With the Urenco plant that was recently completed in New Mexico, the Eagle Rock facility in Idaho, the USEC American Centrifuge plant that is proposed, and the possibility of a GE-Hitachi laser enrichment facility, I don’t see inadequate enrichment/SWU supply being much of a concern anytime soon.

  4. David Walters
    May 24, 2011 | 10:56 AM

    Rod, excellent analysis and perspective.

    I think the Senator is trying to have it both ways (actually is trying to have it both ways, not ‘buts’ about it). His view of nuclear really is for someone else’s state to host it and leave his Ky. coal mines run by non-union operators alone.

    This Paducah Gaseous Diffusion Plant is a lighting rod for Helen Caldicott. She brings it up constantly to show how “inefficient” nuclear is…that in fact they had to build TWO coal plants nearby Paducah to provide electricity.

    Of course the French version of gaseous diffusion is powered by nuclear but she conveniently leaves that out.

    These old plants have got to go:

    1. We need a national plan to replace such plants.
    2. We need a national plan to replace coal with atomic fission.
    3. We need a major effort to develop reprocessing.

    Rant end.

  5. katana0182 (Dave)
    May 24, 2011 | 11:21 AM

    I second @David Walters comment. By running these obsolescent gaseous diffusion energy hogs, anti-nuclear “researchers” (Storm van Leeuwen, Sovacool, etc.) can inflate the carbon content of nuclear fuel, inflate the environmental impact of nuclear power, and also make claims that technologies to replace gaseous diffusion are “vaporware”.

    Time to move nuclear fuel production into the 21st century.

    • Rod Adams
      May 24, 2011 | 5:49 PM

      Dave – welcome. Please correct me if I am wrong, but isn’t this your first comment on the new Atomic Insights? I’ve missed your insights and wisdom.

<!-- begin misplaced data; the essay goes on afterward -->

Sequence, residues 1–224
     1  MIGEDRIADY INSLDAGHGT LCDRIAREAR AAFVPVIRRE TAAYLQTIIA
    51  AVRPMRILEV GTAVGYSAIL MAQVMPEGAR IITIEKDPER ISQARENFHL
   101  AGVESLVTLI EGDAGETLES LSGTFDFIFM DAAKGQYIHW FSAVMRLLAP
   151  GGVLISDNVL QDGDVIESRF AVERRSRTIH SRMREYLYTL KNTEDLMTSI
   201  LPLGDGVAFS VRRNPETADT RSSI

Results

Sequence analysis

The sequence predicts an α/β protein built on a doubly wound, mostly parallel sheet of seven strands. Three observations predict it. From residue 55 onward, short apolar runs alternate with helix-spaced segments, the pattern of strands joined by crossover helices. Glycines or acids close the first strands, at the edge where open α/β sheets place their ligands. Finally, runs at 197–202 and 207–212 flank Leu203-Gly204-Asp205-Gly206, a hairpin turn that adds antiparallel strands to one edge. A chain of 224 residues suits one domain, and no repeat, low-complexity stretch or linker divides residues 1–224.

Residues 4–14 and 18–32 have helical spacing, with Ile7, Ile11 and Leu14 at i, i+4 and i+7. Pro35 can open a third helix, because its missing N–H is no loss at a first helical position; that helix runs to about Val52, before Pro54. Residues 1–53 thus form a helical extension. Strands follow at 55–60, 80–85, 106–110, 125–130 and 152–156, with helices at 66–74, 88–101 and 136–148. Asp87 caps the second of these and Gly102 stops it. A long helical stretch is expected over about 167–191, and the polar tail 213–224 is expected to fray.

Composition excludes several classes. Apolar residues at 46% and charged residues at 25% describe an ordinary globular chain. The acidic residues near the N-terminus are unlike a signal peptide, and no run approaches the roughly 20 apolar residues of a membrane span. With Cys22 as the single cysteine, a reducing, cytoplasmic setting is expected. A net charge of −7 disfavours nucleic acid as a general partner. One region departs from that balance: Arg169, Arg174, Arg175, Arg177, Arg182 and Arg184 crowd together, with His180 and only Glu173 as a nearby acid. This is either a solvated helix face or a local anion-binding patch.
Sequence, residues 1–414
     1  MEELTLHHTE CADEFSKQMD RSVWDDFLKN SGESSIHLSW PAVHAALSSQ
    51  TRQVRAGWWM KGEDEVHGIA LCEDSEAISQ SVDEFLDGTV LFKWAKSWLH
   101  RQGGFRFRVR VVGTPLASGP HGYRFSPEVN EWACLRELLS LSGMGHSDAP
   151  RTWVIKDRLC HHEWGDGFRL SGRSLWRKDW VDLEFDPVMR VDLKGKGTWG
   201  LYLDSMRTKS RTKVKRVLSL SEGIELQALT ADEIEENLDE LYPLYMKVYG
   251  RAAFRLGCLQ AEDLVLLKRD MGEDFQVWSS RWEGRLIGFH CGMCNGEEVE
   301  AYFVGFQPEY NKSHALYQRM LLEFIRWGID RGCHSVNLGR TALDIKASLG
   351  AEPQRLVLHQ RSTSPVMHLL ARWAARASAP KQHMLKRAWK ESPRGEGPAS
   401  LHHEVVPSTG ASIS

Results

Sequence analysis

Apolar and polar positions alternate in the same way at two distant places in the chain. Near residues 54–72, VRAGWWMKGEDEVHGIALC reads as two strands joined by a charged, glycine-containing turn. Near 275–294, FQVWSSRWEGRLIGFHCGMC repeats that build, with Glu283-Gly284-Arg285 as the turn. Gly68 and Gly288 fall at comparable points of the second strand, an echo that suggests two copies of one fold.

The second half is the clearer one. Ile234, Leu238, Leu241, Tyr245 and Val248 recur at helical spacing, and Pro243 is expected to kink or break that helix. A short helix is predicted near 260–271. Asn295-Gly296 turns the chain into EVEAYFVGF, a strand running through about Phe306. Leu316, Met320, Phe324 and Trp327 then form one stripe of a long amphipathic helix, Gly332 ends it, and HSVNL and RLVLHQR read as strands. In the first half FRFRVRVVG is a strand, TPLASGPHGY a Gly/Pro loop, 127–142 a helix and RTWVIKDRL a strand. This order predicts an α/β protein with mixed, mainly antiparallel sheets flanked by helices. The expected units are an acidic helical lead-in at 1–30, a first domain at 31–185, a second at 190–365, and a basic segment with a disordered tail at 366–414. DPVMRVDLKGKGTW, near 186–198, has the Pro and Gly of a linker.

6. Mike Himes
    May 24, 2011 | 11:47 AM

    Give the Senator a break. He is obviously responding to his constituents on jobs. He, as an elected official, is not required to be savy about all the issues you expand upon. This government is not based upon savy but greed. Had Rod been available at this hearing and had a voice in the proceedings or had he made this all more clear to Dr. Chu, technology might have been addressed.

    Our government is not run by business men but in many cases old people who have been politicians their entire career. To assume technology and business savy rules in Washington D.C., is to believe the “Spin” brokers. The system is disfunctional because we as voters and rate payers do not demand a higher degree of savy in matters that deal with the nuts and bolts issues facing us today. That is the problem with trying to guide public sentiment to impliment change. The public has lost their voice and when their spokesmen, like the Senator, makes a point it is not informed. The least we could do is get rid of department heads that do not respond to nut and bolt issues. Look at Dr. Chu’s record and see how many times he bows to political and corporation pressure when he should view new technology first.

    In Russia it is the “Five year Promise” and here it is “The promise of ther Future” which gets extended with each new administration. Disneyland D.C. puts us all in harms way!

  7. Robert Hargraves
    May 25, 2011 | 1:57 AM

    One way to wean Kentucky and West Virginia from coal is to provide new, high tech jobs, such as those from a centrifuge enrichment plant, to be located there.

  8. Robert Hargraves
    May 25, 2011 | 2:00 AM